Life becomes more difficult when a friend moves away

October 10, 1999|By Susan Reimer

"I'M TOO OLD TO make a new best friend," Nancy said, almost wailing in pain.

Nancy's best friend moved to New Jersey, relocated by her husband's job. Mary took with her not only the children who had been the best friends of Nancy's children, she also took Nancy's lifestyle support system. It was as if Mary had ripped the cords out of the wall.

"I didn't lose one friend, I lost five," Nancy says. "The one I talk to about books. The one I car-pool with. The one I call if I want to go to lunch."

And most important: "The one I could call and say, 'I'm stuck at work. Can you pick up my kids and keep them?' "

Nancy didn't simply lose a neighbor, though Mary lived just behind her. And she didn't simply lose a pal. Like most women, Nancy has lots of people she calls "friends."

She lost her lifeline, her escape hatch, her body double. Nancy feels more than lonely. She feels as if she's working without a net.

"I almost wept when the school sent home the emergency cards. Who was I going to tell them to call?"

It is no secret that the texture of women's friendships is different from that of men's. Guys have buddies, other guys they do stuff with. Women seem to have soul mates, women who understand them in intuitive ways.

But let's be practical. Women also make friendships that work for them. Our lives are too hectic not to have functional relationships with other women on the same circuit.

"I had to change where I get my car fixed," said Nancy, and her voice ached again with grief and frustration. "Mary won't be there to give me a ride home."

Anybody can give you a lift home. Anybody can pick your kids up from soccer practice. And you might find yourself complaining about your husband to perfect strangers if you are angry enough.

But there is an unspoken litmus test that only a few friends pass. Are you comfortable with your kids spending big blocks of time in her house?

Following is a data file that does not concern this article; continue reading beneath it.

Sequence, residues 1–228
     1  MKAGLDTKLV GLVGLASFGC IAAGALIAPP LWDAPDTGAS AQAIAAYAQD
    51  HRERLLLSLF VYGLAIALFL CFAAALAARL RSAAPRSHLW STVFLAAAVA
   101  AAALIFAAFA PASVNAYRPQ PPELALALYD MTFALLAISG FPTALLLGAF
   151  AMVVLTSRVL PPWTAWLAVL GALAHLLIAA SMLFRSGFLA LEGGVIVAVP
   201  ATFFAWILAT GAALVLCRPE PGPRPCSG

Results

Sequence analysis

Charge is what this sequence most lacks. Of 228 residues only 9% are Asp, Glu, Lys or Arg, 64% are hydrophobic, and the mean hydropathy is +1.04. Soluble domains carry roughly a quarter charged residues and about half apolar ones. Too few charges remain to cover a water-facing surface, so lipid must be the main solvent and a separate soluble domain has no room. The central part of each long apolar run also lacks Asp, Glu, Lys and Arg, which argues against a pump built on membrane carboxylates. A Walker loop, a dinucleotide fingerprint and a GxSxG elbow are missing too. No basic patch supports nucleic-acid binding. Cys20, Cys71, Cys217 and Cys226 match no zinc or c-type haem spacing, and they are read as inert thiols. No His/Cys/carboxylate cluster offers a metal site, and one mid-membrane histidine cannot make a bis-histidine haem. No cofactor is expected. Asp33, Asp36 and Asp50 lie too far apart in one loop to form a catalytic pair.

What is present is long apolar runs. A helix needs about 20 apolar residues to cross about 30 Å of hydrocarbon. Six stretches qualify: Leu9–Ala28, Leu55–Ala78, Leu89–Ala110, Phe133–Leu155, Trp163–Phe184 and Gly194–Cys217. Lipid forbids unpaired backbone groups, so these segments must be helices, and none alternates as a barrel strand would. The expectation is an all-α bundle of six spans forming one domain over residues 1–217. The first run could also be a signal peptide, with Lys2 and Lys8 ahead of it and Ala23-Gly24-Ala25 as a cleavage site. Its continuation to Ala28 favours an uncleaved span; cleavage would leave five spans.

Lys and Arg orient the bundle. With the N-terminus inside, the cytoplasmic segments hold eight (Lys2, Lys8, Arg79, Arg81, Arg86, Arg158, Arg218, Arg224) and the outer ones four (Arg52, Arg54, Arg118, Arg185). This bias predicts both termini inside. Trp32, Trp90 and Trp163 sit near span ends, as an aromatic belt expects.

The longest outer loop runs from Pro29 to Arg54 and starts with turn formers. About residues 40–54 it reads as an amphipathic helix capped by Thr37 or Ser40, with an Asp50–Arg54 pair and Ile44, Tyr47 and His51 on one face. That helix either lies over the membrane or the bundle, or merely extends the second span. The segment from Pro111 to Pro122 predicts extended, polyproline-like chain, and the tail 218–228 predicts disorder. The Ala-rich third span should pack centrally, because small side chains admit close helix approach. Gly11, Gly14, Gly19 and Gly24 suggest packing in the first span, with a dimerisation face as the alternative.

"She was a mother with values like mine," said Nancy. She exhaled the words, talking the way a woman talks when she knows she can finally relax.

"I knew they weren't watching R-rated movies. I knew there were no porno Web sites on the computer. I knew she would be home.

"You can't always count on things like that anymore."

Nancy has friends where she works. She has friends where she takes her guilty pleasure -- horseback riding lessons. "But they might not even know the names of my kids. We are friends for other reasons, on other subjects."

None of those women can function as the kind of friend Mary was. And when Nancy looked around for a suitable replacement, she found all the friends like Mary were taken.

"Everybody is all paired up. I'll have to stand in line -- wait until somebody else moves."

When Nancy isn't feeling sorry for herself, she is feeling sorry for Mary, who has been pulled out by the roots. More than Nancy, Mary is starting from scratch.

This is the second time Nancy has lost a best friend. Eight years ago, Phylis relocated to New Jersey for her husband's job, too. ("What's with New Jersey?" she asks.)

"When it happened, I went out and consciously made a new friend. It was Mary."

Now?

"I don't know. I don't have a plan. When my kids were toddlers, it seemed easier to make friends. Maybe we were all just desperate."

Nancy seems desperate without Mary. Maybe that's all it takes.

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